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'BC's best kept secret'...'A Jewel in the rough'... yes Geoff Courtnall, we are onto you now...

This initial article was published in The Vancouver Province Newspaper in Nov 2002. The future of Egmont looked bright with the promises made by hockey great Geoff Courtnall and logging contractor Dale Malloch:

They're calling it the largest and most valuable real-estate deal in Sunshine Coast history. And it's aimed at turning a prime corner of B.C. wilderness into a deluxe retreat for superstar athletes.

A consortium of professional hockey players, logging contractors and a flamboyant American horse -owner/real-estate tycoon have joined hands -- and wallets -- to buy a 2,260-hectare block of lots opposite the tiny fishing/resort village of Egmont for about $11 million.

Longtime Sunshine Coast realtor Bruce Lasuta confirmed that it's "the single largest real-estate transaction in the history of the [Sunshine] Coast, both in land area and dollar value."

The group, Pacific Northwoods Resources, represent investments from as far afield as Los Angeles, St. Louis and Victoria. Principals include former Vancouver Canucks players Geoff and Russ Courtnall, Vancouver Island contractor Dale Malloch and Laguna Beach, California-based mortgage magnate Paul Reddam.

Geoff Courtnall says they are also in talks to buy adjacent lands as a long-term investment, especially for Americans.

"Since 9/11, a lot of Americans have discovered the value in Canadian real estate and see it as a safe investment," he says.

The land stretches from Narrows Inlet to Jervis Inlet and takes in the better part of a whole mountain, an area more than 5.5 times as large as Stanley Park.

According to Geoff Courtnall, plans for the property include an airstrip and heliport to ferry visitors to Whistler, a high-end, West-Coast-style lodge complete with pool, spa and tennis courts, a five-star restaurant and luxurious, log-style chalets sold on a time-share basis.

In short, he says, the idea is to recreate something much like what the Oak Bay Marine Group has done at April Point and Painters Lodge, but with a more upscale touch.

In Geoff Courtnall's words, that would include a West-Coast adventure recreation destination, aimed primarily at those with plenty of money and at profesional athletes in particular.

Eventual plans could include ferrying cruise passengers from Vancouver by plane or high-speed Zodiacs for up-close tours of the coast.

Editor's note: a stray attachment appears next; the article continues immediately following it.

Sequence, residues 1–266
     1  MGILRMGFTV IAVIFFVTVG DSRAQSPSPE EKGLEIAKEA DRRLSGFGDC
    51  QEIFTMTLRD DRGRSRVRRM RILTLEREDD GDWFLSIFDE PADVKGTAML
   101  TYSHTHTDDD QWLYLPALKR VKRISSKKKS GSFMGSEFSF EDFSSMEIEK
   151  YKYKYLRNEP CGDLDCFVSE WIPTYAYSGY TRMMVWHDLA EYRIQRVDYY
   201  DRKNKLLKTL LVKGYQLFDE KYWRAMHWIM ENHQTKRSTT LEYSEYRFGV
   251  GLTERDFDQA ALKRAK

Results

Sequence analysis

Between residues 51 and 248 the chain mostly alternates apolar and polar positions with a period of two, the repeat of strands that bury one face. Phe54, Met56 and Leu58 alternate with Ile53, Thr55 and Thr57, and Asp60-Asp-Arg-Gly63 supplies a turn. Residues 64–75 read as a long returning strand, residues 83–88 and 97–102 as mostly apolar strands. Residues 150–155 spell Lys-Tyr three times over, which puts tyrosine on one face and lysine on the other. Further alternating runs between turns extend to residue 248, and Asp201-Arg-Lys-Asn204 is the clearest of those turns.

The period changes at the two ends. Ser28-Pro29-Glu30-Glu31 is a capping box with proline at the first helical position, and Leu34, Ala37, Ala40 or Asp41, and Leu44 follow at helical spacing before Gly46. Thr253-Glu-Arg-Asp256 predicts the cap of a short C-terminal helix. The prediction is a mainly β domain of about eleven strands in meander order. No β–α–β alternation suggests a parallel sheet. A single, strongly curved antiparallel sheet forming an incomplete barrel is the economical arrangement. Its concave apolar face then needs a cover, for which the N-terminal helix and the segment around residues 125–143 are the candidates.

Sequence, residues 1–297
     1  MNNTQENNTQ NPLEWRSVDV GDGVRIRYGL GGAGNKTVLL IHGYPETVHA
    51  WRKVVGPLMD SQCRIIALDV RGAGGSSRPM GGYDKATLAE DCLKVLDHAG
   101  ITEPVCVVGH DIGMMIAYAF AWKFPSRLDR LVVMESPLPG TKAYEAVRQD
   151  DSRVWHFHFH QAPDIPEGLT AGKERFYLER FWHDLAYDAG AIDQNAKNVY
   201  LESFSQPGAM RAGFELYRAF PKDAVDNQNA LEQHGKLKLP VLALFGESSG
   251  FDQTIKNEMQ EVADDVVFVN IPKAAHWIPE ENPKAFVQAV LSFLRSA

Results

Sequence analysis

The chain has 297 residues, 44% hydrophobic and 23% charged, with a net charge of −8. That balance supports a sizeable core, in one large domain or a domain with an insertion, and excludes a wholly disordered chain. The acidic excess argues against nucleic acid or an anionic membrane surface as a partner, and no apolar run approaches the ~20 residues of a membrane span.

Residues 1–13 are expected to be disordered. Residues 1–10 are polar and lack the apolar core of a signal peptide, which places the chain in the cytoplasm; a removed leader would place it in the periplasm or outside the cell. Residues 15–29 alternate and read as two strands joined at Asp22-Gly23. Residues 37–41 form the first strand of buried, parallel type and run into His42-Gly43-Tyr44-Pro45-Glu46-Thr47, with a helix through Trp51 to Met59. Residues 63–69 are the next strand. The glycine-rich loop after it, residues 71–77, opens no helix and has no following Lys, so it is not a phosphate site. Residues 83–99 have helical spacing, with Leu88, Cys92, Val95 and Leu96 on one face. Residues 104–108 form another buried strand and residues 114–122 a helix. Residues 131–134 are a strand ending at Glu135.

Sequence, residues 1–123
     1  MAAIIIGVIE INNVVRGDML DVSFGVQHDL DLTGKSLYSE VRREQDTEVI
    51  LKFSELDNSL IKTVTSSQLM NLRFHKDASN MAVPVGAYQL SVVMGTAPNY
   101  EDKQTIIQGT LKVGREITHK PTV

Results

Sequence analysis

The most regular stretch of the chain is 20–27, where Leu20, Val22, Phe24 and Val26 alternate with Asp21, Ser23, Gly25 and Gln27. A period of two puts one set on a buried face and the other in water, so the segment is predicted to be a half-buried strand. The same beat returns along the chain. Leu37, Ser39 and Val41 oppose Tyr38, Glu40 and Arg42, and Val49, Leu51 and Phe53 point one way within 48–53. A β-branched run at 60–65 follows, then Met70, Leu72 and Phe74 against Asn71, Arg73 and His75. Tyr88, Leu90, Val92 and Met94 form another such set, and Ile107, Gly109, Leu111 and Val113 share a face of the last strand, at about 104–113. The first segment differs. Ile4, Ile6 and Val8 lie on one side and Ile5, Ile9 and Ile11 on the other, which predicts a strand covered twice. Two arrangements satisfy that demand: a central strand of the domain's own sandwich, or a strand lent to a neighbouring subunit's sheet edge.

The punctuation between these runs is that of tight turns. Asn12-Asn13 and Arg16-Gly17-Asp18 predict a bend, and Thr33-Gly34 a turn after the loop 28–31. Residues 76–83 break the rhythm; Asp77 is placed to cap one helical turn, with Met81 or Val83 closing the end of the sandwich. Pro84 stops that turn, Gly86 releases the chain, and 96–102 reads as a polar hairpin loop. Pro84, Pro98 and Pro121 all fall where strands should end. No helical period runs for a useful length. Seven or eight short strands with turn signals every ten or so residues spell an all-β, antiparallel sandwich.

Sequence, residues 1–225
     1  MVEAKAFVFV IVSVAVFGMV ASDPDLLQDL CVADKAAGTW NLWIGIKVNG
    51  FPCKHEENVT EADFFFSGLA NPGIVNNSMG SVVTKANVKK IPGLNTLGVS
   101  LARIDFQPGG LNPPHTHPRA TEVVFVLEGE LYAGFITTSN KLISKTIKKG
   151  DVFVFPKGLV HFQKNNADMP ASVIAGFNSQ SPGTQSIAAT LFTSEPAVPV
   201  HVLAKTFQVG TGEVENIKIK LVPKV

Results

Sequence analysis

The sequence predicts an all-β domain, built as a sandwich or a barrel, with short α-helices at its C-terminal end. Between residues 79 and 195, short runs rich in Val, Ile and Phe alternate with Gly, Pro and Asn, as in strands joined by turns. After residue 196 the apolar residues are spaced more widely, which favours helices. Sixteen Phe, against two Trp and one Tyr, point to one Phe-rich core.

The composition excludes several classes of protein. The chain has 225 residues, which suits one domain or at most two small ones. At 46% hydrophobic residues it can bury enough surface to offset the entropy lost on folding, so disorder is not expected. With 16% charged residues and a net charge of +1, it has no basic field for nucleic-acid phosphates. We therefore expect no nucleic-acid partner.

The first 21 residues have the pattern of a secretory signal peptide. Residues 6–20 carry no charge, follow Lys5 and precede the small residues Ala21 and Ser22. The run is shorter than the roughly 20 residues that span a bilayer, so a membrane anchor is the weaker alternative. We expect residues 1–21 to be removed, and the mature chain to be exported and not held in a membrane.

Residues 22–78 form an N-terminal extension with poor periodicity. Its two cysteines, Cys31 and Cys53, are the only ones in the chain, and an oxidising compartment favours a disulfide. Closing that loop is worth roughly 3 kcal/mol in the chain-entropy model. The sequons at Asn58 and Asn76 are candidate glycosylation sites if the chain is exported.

"The world knows we have wildlife here, and native culture, and a lot of people just want to see our incredible scenery," Geoff Courtnall says. "It's unique in the world."

A high-end-chain hotel is also an option at some point, "but we haven't had enough time yet to really evaluate things."

Geoff Courtnall says the group discovered the land through Malloch, who played hockey with Russ Courtnall as a kid.

"What happened was Russ, Wayne Gretzky and about eight others from L.A. flew up on Paul's jet on a golf exchange and to view the piece.

"At the last minute Wayne had to leave, but he'll see it next year."

The group toured the site by helicopter and then flew through the surrounding mountains -- and were instantly sold.

"We were also looking at another piece near Sooke, but this one blew it off the map.

"The previous [Egmont land] owner laid out a golf course, which is definitely something we'd look at down the road."

Noting that his roots are planted on the West Coast and that his early childhood was spent in Lake Cowichan, "I want to include the local [native] band," Courtnall says. "I see native art, masks, prints and culture being on display or for sale."

The group intends to meet with local officials and the Sechelt band to discuss the plans, he adds.

"If we can get the local people behind this, it will mean a lot of money for the area."

Although the land is still "a jewel in the rough," Geoff Courtnall says that if the Sunshine Coast Regional District approves the rezoning, the initial investment could be worth $100 million, with as many as 200 full-time jobs.

Why the sports focus?

"My brother Russ is best friends with Wayne [Gretzky]," Courtnall says. "All my best friends are hockey players looking for recreation and an escape.

"This is B.C.'s best-kept secret. I've already got a list of 30 guys who want to come see it."

Those on the immediate-viewing list include players with the St. Louis Blues, who are in Vancouver to play the Canucks on Tuesday and will fly up to the site for a private viewing.

The lies presented above certainly have proved too good to be true. Make comments to this article in the forum.

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